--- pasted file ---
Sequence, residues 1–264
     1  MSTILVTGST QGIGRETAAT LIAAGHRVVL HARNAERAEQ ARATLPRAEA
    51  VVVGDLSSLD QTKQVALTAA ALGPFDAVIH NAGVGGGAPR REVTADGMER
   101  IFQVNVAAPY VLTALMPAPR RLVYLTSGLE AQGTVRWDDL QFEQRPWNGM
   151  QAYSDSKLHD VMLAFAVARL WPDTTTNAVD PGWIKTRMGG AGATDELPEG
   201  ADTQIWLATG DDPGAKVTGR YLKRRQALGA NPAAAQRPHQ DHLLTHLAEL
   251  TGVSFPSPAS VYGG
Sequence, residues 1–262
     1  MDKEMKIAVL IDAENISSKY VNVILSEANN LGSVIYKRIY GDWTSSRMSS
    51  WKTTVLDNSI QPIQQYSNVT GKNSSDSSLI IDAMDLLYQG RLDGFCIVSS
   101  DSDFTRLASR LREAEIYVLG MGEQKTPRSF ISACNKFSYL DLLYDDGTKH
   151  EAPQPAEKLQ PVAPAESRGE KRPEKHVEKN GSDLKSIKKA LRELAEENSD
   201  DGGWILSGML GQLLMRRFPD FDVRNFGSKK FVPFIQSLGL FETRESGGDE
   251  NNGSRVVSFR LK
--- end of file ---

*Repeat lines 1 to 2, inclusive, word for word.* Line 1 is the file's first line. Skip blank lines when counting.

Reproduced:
Sequence, residues 1–264
     1  MSTILVTGST QGIGRETAAT LIAAGHRVVL HARNAERAEQ ARATLPRAEA